Do you ever wonder where roadkill goes? As a child, you may have imagined those prostrate animals on the highway were just sleeping, but now you know better. In fact, if you hit a deer or other small animal with your car as an adult, you likely realize you fatally doomed the poor creature or injured it for life.
There are people who properly deal with roadkill in a variety of ways, though. Some animal carcasses look as hauntingly beautiful in death as they did in life, and some deceased creatures even contribute to animal research.
These facts about roadkill will blow your mind and possibly make you a bit more careful on the road.
Millions of animals die annually because of car collisions. In fact, vehicles are more deadly for animals than either hunters or animal-testing laboratories, and these fatalities widely impact the ecological system. To animals like caribou or Florida panthers, the threat from cars is even more serious than that of habitat loss. Already endangered creatures, such as bighorn sheep, red wolves, desert tortoises, and American crocodiles, face an even greater risk.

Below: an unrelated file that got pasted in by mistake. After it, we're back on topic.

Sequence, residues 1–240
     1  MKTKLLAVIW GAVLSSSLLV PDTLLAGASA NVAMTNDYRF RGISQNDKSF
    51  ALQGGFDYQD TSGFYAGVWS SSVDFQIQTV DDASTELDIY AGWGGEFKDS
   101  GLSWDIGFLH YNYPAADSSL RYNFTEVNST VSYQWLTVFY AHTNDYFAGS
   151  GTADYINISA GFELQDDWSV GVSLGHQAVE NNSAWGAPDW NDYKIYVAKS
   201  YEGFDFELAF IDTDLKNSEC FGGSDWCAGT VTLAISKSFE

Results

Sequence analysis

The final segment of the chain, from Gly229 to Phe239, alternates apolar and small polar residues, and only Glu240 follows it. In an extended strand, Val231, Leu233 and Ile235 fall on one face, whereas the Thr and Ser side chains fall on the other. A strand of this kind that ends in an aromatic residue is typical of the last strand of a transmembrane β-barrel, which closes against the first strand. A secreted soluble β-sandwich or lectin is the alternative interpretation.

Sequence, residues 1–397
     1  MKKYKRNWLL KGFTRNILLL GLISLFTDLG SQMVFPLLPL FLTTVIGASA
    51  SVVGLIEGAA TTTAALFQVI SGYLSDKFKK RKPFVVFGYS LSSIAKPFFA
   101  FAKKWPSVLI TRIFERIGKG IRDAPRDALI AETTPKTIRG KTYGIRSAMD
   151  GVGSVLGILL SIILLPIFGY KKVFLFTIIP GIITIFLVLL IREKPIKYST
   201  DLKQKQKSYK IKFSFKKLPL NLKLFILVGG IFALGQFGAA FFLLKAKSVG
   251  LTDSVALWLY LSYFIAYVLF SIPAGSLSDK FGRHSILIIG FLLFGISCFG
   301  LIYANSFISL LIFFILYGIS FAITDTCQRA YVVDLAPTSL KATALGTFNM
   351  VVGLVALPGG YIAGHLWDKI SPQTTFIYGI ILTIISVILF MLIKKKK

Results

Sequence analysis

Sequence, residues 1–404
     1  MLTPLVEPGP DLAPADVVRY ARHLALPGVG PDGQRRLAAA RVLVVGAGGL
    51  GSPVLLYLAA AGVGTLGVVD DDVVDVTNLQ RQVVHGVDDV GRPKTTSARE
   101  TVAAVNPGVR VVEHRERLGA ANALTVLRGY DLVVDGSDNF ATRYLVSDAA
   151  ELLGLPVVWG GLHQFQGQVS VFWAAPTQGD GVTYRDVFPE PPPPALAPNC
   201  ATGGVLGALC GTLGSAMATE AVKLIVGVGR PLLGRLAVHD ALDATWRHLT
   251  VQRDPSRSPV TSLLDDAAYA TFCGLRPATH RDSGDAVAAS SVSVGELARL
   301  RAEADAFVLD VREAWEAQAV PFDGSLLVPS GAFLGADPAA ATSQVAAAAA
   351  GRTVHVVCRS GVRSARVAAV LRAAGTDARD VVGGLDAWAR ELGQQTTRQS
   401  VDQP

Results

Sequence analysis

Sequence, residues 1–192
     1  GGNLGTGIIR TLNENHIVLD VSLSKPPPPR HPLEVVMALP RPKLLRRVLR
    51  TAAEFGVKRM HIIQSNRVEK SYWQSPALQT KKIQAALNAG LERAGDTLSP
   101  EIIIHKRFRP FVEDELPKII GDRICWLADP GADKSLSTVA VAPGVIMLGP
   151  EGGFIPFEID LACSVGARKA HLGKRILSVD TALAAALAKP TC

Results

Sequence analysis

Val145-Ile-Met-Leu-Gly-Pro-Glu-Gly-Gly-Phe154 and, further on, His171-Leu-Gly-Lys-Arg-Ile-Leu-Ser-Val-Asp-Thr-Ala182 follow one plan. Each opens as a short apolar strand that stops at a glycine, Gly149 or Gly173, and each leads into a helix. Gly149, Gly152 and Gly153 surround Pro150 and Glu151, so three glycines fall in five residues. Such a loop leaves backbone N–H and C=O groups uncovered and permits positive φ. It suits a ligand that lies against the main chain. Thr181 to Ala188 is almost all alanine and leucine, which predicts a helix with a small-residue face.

Furthermore, vehicular damage from wildlife collisions costs about $3.6 billion a year.
Much like humans, if dead animals don't receive proper care after passing, they experience bloating. In particular, gas can build up in the roadkill carcass and occasionally even make it explode.
If and when the creature's skin splits, entrails and dark-colored blood may pour out.
Animals don't usually die immediately after being struck by a car. In fact, highway technicians often encounter animals still clinging to life. Those people typically enlist state troopers to put the animals out of their misery quickly.
Road technicians encounter plenty of potential health risks and hazards when they interact with roadkill. For example, deceased animals often carry rabies, so disposing of them requires extra caution. Skunks' bad odor stick around posthumously. And transporting a bear from the roadside is physically exhausting.
Moreover, the workers don't typically wear protective clothing.